Kenneth Weinberg 70 published his first book, The Hospital Safety Directors Handbook (Opus Communications). An independent consultant in environmental health and safety and toxicology, Weinberg resides in Stoughton, Mass., with his wife, Natalie.
Robert Armstrong, Arts and Sciences 49, died in September 2002, in Oakmont, Pa. The longtime owner of an East Liberty commercial collections agency, United Mercantile, Armstrong was well known for his community volunteer efforts.
George Boucek, Arts and Sciences 40, Dental Medicine 40, died in September 2002. Boucek cofounded the national dental insurance plan, Delta Dental, and was the official dentist for the Pittsburgh Steelers for nearly 20 years.
Robert Clifton, a University of Pittsburgh associate professor of philosophy, died in July 2002 at age 38 from colon cancer. He was associate director of Pitts Center for Philosophy of Science and held a secondary appointment in the Department of History and Philosophy of Science.
Herbert Kottler, a former research associate at the University of Pittsburgh, died in July 2002 at his home in Concord, Mass., at the age of 62. He had been associate director of MITs Lincoln Laboratory since 1998.
Joseph McCloskey, Arts and Sciences 48, 40, 38, died in August 2002 in Los Angeles. A Swissvale, Pa., native, McCloskey served in the U.S. Army during WWII in Europe in the Information and Education Program and the Armed Forces Institute.
Bernard Moskovitz, Dental Medicine 60, died in October 2001. He served in the U.S. Army during the Korean War before practicing dentistry in Charleroi, Pa. He retired in 1981 and moved to Wellington, Fla.
Sherman Pochapin, Medicine 51, Arts and Sciences 47, 41, died in September 2002. The consulting psychiatrist for Pittsburgh Hearing, Speech, and Deaf Services, Pochapin was known for his efforts to bring psychiatric care to the hearing impaired.
Elsie May Logan Reid, Medicine 46, died in October 2002. She did not begin to practice medicine in earnest until the early 1970s, after raising her six children.
John Sadler, Medicine 44, Arts and Sciences 41, died in September 2002 at his home in McCandless Township. The retired obstetrician/gynecologist taught at Pitt from 1951 to 1960.
Harold Stebbins, Arts and Sciences 39, died in August 2002 at his home in Fort Lauderdale, Fla. Known as Curly during his days as a halfback with the University of Pittsburghs football team, Stebbins was part of the record-setting Dream Backfield coached by the legendary Jock Sutherland.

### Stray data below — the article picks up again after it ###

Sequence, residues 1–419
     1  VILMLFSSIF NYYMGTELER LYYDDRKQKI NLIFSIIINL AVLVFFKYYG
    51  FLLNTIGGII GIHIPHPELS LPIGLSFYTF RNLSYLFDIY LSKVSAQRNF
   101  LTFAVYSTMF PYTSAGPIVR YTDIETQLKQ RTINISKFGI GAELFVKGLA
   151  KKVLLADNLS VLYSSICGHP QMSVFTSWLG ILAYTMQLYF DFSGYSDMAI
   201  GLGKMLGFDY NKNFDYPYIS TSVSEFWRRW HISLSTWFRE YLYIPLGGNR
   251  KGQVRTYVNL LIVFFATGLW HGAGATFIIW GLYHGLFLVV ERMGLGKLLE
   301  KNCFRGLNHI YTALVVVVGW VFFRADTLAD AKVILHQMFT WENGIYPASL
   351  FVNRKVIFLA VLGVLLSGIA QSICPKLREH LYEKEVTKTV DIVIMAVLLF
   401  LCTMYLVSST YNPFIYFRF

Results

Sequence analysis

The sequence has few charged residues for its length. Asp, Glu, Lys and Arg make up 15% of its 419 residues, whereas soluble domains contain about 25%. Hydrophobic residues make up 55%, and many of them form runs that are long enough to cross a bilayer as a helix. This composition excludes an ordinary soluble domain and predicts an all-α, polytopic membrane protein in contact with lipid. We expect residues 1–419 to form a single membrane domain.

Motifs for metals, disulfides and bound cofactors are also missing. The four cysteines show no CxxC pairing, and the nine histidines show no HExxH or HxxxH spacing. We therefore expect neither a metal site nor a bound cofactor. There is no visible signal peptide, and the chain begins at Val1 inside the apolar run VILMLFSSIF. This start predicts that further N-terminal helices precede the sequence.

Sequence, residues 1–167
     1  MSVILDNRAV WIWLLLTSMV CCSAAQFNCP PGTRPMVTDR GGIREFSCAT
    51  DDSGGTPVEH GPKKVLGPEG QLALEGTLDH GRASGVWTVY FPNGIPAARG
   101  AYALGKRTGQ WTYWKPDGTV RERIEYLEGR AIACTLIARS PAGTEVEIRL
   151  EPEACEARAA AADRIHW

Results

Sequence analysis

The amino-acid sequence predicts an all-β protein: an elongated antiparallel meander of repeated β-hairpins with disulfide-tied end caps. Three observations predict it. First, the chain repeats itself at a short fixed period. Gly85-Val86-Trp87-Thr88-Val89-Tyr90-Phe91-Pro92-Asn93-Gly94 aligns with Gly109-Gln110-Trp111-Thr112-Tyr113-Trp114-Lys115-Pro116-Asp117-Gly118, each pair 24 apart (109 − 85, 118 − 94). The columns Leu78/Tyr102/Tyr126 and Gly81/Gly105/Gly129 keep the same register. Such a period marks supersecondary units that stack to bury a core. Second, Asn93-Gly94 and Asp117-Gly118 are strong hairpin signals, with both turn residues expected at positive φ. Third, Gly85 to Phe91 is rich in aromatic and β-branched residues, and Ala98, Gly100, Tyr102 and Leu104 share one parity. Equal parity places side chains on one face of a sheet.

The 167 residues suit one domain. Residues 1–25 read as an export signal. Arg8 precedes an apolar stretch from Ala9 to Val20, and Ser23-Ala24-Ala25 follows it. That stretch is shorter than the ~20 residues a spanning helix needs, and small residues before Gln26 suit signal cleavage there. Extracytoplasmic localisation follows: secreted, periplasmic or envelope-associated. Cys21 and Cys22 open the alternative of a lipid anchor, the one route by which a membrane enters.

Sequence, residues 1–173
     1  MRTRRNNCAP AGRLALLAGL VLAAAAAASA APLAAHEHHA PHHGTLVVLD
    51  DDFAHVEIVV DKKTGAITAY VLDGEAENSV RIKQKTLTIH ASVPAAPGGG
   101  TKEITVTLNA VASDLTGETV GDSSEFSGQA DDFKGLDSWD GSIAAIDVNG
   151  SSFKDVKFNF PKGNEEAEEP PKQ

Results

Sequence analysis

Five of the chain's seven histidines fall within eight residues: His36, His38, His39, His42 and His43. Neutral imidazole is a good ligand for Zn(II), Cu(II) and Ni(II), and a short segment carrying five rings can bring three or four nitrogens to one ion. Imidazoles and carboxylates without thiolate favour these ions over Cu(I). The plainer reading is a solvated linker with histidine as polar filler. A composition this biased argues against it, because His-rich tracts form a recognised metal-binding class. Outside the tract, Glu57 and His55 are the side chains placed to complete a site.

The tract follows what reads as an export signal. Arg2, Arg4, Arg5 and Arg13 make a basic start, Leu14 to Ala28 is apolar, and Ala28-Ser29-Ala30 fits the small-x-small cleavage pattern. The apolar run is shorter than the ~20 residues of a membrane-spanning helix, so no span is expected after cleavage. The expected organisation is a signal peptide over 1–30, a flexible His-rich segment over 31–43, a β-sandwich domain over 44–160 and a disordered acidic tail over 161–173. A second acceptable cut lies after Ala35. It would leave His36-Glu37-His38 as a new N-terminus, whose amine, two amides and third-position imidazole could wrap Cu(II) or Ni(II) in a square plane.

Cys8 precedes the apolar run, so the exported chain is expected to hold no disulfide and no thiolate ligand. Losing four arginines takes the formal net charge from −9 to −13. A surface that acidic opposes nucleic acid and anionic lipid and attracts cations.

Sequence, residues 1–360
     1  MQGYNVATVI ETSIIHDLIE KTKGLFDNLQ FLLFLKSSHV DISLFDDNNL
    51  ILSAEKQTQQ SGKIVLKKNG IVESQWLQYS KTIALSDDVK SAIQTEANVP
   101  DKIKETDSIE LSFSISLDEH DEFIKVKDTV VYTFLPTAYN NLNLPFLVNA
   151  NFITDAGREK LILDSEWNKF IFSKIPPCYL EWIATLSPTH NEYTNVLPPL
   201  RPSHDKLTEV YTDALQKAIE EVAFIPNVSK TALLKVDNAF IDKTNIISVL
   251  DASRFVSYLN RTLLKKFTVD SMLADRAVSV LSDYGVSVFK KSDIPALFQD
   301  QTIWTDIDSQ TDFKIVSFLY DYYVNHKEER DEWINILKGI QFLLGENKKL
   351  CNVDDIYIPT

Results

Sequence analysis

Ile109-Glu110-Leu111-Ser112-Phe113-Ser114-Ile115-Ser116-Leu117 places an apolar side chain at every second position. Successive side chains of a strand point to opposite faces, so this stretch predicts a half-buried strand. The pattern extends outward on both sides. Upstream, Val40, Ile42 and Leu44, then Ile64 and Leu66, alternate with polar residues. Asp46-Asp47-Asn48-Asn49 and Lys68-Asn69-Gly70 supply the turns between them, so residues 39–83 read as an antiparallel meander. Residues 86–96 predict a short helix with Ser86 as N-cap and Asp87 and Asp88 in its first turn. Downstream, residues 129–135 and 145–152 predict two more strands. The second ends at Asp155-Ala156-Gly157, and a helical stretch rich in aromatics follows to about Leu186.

John Veil, Engineering 42, died in January 2002 in Reading, Pa. Veil served in the U.S. Navy during WWII. During his 26 years with Carpenter Technology, he helped develop vacuum and metallurgy patents.
Harriet Gilmore Yoh, Information Sciences 34, died in July 2002 in Greenwood, S.C., where she had lived since 1977.
William Young, Engineering 56, 43, died in May 2002. A research scientist and engineer for Westinghouse for more than 40 years, Young worked on the Manhattan Project, helping to develop an ultracentrifuge for the atomic bomb.
John Fees, Engineering 79, is president and chief operating officer of BWX Technologies, headquartered in Lynchburg, Va.
Gayle Tissue, Business 78, is associate director for development and community affairs for the University of Pittsburgh Cancer Institute (UPCI). Her nearly 20-year stint at Childrens Hospital of Pittsburgh culminated with her position as executive vice president and chief development officer.
James Malone, Medicine 95, is assistant professor of otolaryngology at the Southern Illinois University School of Medicine in Springfield. Malone specializes in head and neck cancer, as well as microvascular reconstruction.
Diane Wolf, Engineering 77, is vice president of operations overseeing 26 Kraft Foods plants in the eastern United States and Canada. Wolf, who has worked for Kraft Foods Engineering and Operations for 22 years, now resides in Old Tappan, N. J.
Jane Dodds, Public Health 74, administrator of the Elmwood Pediatric Group in Rochester, N.Y., earned the designation of Fellow in the American College of Medical Practice Executives.
Mark Coyne (CAS 78) soaks in some rays and some culture, too, as he reads Pitt Magazine by downtown fountains in the City of Brotherly Love.
(Should you have a photo of yourself caught reading Pitt Magazine in an interesting locale, please send it to us:
400 Craig Hall
University of Pittsburgh
Pittsburgh, PA 15260
Its another graduation season. Grady Roberts Jr. stands with faculty colleagues on stage, ready to congratulate new graduates with a hug, not simply a handshake. You will never again be the same person, he says about the experience of higher education. Your worldview, your capabilities, your self-esteemall will expand.
For Roberts (EDU 74, GSPH 71, SOC WK 65), higher education is a lot like lifea journey toward a higher self. In June, hell retire as an associate dean for admissions and student affairs in Pitts School of Social Work. For the past 35 years, he has recruited and taught thousands of students. The school has doubled its student population during Roberts tenure, and one-third of the more than 5,000 students have been people of color.
To see individuals blossom, he says, thats a joy. And if theyre not there yet, theyre on the road. Roberts has walked that road. He and his three sisters all earned graduate degrees. Roberts earned three graduate degrees here: an MSW, an MS in public hygiene, and a PhD in higher education administration. Among the four of us, he says, we have contributed more than 130 years to education in America from two parents who did not have the opportunity to go to high school. Their value was higher education, and they made sacrifices to ensure we had all the opportunities.